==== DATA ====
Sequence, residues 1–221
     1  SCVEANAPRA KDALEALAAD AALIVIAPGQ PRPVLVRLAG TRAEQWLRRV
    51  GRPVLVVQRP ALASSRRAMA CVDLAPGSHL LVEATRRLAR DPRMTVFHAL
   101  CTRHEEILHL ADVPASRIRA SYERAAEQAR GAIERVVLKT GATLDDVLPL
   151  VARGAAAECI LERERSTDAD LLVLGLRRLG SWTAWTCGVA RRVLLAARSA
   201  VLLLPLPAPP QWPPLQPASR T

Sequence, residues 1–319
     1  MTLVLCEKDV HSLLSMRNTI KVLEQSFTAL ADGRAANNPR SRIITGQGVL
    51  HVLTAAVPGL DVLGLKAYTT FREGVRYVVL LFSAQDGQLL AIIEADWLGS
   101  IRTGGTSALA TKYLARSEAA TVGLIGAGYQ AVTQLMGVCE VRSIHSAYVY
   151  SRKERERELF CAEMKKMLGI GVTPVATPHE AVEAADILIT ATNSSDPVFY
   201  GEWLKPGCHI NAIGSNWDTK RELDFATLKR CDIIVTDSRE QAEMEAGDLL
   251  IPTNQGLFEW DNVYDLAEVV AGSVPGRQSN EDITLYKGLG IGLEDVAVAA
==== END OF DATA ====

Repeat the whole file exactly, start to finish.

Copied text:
Sequence, residues 1–221
     1  SCVEANAPRA KDALEALAAD AALIVIAPGQ PRPVLVRLAG TRAEQWLRRV
    51  GRPVLVVQRP ALASSRRAMA CVDLAPGSHL LVEATRRLAR DPRMTVFHAL
   101  CTRHEEILHL ADVPASRIRA SYERAAEQAR GAIERVVLKT GATLDDVLPL
   151  VARGAAAECI LERERSTDAD LLVLGLRRLG SWTAWTCGVA RRVLLAARSA
   201  VLLLPLPAPP QWPPLQPASR T

Sequence, residues 1–319
     1  MTLVLCEKDV HSLLSMRNTI KVLEQSFTAL ADGRAANNPR SRIITGQGVL
    51  HVLTAAVPGL DVLGLKAYTT FREGVRYVVL LFSAQDGQLL AIIEADWLGS
   101  IRTGGTSALA TKYLARSEAA TVGLIGAGYQ AVTQLMGVCE VRSIHSAYVY
   151  SRKERERELF CAEMKKMLGI GVTPVATPHE AVEAADILIT ATNSSDPVFY
   201  GEWLKPGCHI NAIGSNWDTK RELDFATLKR CDIIVTDSRE QAEMEAGDLL
   251  IPTNQGLFEW DNVYDLAEVV AGSVPGRQSN EDITLYKGLG IGLEDVAVAA